Next week, we’ll watch and discuss 12 Angry Men.
The thing that everyone remembers about To Kill a Mockingbird is the trial. Atticus Finch is one of the most beloved characters in fiction. Watching him break down the accusations against his black client* is masterful and tragic: the mangled arm, the angry father, the hysterical, clearly lying but also clearly brutalized, victim. But while I put this movie on the list as a way of sparking discussion about lawyers who defend clients who are facing the death penalty and the jurors who decide those cases, I found myself thinking far more about the person watching her lawyer father work: Scout Finch.
I’d forgotten how young Scout is in the novel and the movie — she’s just six. And the movie is both about her increasing awareness of the world around her and the way the world reaches out for her, the fact that the innocence of childhood is an imagined and impossible-to-maintain state.
There’s no question that, for a while, Atticus Finch buys into the idea that he can protect his children from his defense of Tom Robinson. When Del, the neighbor boy who is a stand-in for Harper Lee’s real-life neighbor, Truman Capote, suggests, “Let’s go over and watch!” the opening stages of the trial, Scout has a clear sense that her father wants her to stay away from his work. “He wouldn’t like that,” she says uneasily, but she and Jem follow Del anyway, listen to him explaining that through the courtroom doors that “There’s a whole lot of men sitting together on one side and there’s a man pointing at the colored man and yelling. They’re taking the colored man away.” When Atticus catches them, he sends them home immediately.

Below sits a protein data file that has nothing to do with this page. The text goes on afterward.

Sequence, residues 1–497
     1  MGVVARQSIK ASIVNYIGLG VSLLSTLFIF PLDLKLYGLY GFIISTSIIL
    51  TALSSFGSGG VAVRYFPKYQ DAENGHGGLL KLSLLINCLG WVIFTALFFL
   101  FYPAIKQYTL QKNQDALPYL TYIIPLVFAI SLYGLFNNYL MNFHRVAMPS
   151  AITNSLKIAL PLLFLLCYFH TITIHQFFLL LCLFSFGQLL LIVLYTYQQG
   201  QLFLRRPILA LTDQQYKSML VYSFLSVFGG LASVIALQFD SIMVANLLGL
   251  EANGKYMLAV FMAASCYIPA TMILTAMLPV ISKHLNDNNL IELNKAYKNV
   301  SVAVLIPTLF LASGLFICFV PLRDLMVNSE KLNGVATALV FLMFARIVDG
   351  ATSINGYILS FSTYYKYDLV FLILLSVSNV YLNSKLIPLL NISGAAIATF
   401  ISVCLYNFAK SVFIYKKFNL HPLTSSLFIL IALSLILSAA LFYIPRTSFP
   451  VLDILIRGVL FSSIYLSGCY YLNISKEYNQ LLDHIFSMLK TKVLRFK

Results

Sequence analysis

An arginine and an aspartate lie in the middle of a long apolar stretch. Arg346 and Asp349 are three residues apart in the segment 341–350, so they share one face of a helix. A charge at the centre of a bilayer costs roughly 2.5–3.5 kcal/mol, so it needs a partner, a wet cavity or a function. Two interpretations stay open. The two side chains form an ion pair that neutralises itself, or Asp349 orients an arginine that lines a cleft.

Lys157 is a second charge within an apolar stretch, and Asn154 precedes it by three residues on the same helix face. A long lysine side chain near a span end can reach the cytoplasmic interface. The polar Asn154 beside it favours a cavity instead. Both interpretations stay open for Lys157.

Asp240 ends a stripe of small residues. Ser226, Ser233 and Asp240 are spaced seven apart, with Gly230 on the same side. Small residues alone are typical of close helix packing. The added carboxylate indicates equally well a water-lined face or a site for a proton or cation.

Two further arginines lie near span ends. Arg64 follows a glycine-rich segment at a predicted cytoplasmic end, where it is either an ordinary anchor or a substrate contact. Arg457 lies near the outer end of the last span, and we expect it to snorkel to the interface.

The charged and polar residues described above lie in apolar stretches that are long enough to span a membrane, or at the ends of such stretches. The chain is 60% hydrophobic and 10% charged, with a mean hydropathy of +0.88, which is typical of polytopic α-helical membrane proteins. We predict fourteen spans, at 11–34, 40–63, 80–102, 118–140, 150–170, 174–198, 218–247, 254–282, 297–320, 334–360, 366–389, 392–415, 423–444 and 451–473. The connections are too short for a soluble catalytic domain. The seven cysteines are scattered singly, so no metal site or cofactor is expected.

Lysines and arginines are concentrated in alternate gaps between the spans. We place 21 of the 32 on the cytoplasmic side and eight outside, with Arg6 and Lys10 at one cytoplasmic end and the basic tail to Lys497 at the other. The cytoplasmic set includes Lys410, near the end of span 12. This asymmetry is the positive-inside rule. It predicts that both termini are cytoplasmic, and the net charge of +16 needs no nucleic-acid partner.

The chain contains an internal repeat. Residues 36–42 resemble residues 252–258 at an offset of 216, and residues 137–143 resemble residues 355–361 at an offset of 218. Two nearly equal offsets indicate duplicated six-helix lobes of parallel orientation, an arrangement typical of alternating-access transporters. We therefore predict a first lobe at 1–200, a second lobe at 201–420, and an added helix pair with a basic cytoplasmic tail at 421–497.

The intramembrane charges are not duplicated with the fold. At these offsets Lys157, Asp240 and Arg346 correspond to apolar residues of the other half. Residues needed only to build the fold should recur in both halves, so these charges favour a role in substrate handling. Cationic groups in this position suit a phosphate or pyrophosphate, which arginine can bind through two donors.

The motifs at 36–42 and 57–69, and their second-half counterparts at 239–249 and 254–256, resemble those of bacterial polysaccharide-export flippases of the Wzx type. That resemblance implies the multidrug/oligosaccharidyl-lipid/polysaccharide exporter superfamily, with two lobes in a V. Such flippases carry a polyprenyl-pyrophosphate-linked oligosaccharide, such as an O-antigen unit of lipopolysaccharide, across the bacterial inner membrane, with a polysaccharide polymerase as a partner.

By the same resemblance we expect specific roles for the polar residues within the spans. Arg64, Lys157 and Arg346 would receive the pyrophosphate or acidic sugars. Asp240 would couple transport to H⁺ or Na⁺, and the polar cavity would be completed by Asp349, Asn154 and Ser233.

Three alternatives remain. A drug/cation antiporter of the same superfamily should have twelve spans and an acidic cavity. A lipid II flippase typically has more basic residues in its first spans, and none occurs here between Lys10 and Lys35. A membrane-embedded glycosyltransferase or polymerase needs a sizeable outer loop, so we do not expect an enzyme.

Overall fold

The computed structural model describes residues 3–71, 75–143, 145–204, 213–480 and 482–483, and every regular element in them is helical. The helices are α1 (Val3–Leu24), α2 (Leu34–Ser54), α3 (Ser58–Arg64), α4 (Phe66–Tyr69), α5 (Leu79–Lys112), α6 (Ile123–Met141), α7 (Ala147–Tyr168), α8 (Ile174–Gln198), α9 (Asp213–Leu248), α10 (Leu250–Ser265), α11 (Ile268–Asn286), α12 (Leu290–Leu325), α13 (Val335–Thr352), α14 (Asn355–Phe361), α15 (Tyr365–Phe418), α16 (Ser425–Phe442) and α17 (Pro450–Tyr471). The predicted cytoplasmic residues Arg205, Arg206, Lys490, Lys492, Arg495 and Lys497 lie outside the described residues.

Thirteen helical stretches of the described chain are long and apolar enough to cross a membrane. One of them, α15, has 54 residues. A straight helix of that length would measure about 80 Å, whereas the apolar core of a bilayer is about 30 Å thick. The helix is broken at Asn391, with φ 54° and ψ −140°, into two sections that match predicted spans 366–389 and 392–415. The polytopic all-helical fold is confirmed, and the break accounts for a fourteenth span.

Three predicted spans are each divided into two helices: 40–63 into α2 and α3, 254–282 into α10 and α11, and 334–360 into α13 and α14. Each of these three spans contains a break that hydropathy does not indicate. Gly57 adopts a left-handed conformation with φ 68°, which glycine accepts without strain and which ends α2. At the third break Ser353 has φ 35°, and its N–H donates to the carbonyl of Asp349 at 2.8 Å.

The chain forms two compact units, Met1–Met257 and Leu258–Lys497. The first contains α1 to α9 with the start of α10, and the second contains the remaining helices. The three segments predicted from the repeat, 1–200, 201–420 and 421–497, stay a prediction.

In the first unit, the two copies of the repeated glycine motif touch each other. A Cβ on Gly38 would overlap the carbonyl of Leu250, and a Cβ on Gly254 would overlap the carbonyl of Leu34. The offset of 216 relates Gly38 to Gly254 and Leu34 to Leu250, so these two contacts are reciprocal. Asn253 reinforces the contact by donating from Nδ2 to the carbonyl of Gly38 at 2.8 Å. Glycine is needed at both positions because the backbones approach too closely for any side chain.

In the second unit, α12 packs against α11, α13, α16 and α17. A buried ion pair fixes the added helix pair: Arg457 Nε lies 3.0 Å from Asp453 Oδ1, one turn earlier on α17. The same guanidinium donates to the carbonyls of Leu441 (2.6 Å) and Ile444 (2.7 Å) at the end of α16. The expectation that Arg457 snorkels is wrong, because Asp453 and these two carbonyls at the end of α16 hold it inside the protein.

But that doesn’t really keep Scout away from the house. And even when Scout comes home, having whipped Cecil Jacobs for the sin of declaring that her father “defends niggers,” Atticus tries to draw the line, telling her, “There are some things that you’re not old enough to understand just yet. There’s been some hard talk around town.” But when it’s clear that his inquisitive daughter, the one who wants to know why she can’t inherit his watch, isn’t going to let it go, Atticus tries to give her the tools to deal with what’s going to happen to her, saying: “You’re going to hear some ugly talk about this in school. But you have to promise me one thing: that you won’t get into fights over it, no matter what they say to you.”
And it’s not just the trial. Scout’s been an intermediary in her father’s practice from the first scene of the movie when one of her father’s clients comes buy to pay him in a bag of nuts. “I think it embarrasses him to be thanked,” Atticus tries to explain to his daughter. But she figures out how to exploit that sense of gratitude and embarrassment on her own when Mr. Cunningham becomes part of a mob. “I said hey, Mister Cunningham,” she says when he won’t meet her eye. “How’s your entailment getting along” Don’t you remember me? I’m Jean Louise Finch. You brought some hickory nuts along…I go to your school. I go to school with Walter. He’s a nice boy. Tell him hey for me.” It’s notable that this is the first time she uses her full name, both standing with her father, and using the fact that she’s a girl to bolster her moral credibility.
Her understanding’s still limited, though. When Bob Ewell attacks her and Jem in retaliation for their father’s humiliation of him in court, Scout doesn’t really have the language for what’s happened to her. “I don’t know. I just don’t know,” she says when her father tries to figure out what’s happened to her.
In a way, the movie’s an inverse of the conventional narrative about the death penalty: this terrible thing happened, and we must send a message so strong and deterrent that it will never happen again. Scout sees the ways the legal process can go wrong, she sees the man who’s a supposed threat to her community murdered, and she’s still made a victim. The world is big, and unpredictable. To think that we can produce rationalism with a decision undergirded by emotion doesn’t make sense.
*This case is the perfect example of something that Paulie Carbone is careful to point out: that it’s the race of the victim that produces disparities in death penalty cases, not the race of the defendant.